We stopped at the information centre and found that the centenary week of national parks, applied in California as well, so entry was free. We picked up maps and borrowed flashlights and did some caving. It was amazing, walking and crouching in these caves, which have been formed by volcanic lava, one can see the formations on the floor, as the hot lava came down and formed these amazing patterns. Overhead, the lava rock, some small and some large. This was also the place where the Indians fought hard to keep their land.
The roof of the cave had really interesting features.
There were very few tourists, so the stillness around was unbelievable, with a few crickets chirping outside, that was all the noise we heard. I was totally fascinated with the landscape. Hills, a butte or two in the very far distance and the scrub and red ground in the foreground. Butte (pronounced beaut), is an isolated hill with a relatively flat top and sometimes steep vertical sides.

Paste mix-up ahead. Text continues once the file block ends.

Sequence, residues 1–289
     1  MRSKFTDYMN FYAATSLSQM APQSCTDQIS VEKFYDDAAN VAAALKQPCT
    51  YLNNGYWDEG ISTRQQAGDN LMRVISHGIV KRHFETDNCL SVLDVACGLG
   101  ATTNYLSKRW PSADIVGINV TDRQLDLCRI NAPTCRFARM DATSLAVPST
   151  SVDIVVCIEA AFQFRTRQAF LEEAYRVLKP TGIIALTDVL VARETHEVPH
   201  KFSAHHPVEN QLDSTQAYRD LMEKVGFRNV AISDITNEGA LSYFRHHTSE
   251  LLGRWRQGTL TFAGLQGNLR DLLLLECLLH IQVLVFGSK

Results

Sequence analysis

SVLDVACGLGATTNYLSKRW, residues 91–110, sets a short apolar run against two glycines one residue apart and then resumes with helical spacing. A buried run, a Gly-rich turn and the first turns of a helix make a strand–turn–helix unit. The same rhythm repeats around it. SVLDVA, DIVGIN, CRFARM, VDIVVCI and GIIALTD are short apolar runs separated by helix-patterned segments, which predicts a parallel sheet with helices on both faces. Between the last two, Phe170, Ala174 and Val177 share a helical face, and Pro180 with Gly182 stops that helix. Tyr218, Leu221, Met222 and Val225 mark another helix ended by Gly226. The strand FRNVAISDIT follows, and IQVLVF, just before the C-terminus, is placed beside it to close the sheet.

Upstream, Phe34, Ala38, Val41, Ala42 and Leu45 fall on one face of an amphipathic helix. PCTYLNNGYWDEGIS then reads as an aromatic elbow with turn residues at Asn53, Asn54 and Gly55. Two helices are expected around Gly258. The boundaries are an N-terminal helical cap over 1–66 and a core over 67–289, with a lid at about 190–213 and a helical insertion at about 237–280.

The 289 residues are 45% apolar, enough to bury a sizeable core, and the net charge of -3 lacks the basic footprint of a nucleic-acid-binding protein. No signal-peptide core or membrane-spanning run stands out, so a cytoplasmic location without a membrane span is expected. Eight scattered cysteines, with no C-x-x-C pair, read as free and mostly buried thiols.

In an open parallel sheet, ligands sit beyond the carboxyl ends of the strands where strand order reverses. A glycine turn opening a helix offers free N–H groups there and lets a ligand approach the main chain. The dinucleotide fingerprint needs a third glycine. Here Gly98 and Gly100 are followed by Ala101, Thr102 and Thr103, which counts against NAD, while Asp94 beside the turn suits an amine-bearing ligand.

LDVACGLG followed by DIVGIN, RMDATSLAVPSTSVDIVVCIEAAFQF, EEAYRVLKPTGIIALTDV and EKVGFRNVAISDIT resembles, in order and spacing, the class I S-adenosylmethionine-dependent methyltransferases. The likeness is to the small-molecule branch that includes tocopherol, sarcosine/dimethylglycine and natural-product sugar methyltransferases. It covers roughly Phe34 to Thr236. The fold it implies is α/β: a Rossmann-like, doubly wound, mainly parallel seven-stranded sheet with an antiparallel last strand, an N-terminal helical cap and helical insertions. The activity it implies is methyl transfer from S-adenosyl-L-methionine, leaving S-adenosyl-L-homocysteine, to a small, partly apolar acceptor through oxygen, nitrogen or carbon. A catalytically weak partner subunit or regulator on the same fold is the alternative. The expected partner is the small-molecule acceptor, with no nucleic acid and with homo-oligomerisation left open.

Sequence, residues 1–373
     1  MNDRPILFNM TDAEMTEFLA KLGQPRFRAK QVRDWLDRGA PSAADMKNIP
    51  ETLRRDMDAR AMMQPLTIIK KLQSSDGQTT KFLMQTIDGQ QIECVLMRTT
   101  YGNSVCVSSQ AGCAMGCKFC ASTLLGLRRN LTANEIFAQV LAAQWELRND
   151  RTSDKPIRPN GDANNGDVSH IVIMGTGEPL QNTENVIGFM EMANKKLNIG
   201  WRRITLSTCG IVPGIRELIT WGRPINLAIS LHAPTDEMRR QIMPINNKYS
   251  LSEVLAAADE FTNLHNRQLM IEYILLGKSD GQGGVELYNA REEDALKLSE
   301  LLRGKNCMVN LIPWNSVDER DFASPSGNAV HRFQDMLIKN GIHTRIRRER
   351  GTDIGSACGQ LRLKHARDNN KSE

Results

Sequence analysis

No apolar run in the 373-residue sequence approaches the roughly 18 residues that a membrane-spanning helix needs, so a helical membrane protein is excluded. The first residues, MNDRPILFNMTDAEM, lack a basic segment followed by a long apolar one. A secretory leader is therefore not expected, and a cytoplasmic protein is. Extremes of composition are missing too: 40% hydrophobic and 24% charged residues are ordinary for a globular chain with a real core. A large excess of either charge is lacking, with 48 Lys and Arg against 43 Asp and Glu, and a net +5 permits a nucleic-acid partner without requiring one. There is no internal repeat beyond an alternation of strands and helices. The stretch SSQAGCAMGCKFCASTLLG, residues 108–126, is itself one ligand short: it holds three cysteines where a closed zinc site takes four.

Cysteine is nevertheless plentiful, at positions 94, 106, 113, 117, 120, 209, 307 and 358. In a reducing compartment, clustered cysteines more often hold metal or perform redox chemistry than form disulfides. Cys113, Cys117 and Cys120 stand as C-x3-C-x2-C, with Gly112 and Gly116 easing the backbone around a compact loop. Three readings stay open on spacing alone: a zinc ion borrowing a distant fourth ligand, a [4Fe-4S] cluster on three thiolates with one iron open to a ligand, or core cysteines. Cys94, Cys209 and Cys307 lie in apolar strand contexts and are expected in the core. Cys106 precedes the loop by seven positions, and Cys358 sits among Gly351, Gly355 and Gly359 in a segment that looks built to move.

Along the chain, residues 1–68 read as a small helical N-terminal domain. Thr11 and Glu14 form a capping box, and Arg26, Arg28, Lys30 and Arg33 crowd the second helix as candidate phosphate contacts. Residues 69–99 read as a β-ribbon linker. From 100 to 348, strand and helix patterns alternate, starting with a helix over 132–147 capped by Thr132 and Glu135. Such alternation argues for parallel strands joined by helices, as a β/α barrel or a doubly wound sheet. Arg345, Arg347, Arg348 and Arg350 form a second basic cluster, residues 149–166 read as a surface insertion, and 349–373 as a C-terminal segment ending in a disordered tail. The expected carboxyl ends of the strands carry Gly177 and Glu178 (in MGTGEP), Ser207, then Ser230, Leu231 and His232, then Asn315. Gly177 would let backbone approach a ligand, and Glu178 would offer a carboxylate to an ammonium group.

I tell you, you don't want to be in one of those caves and lose your flashlight. We turned ours off and you would have absolutely no chance of finding where you had come in from, just scary pitch black nothingness before one’s eyes.
Taken from inside the cave looking out - Taqui is the Sillouette
We were very lucky to get into an RV site, as the famous Burning Man week-long festival was taking place in the 'nearby' Black Rock desert. I said 'nearby, because the festival was some 138 miles from the RV parks!! We could not attend the festival, as the tickets were all sold out. Lucky us!!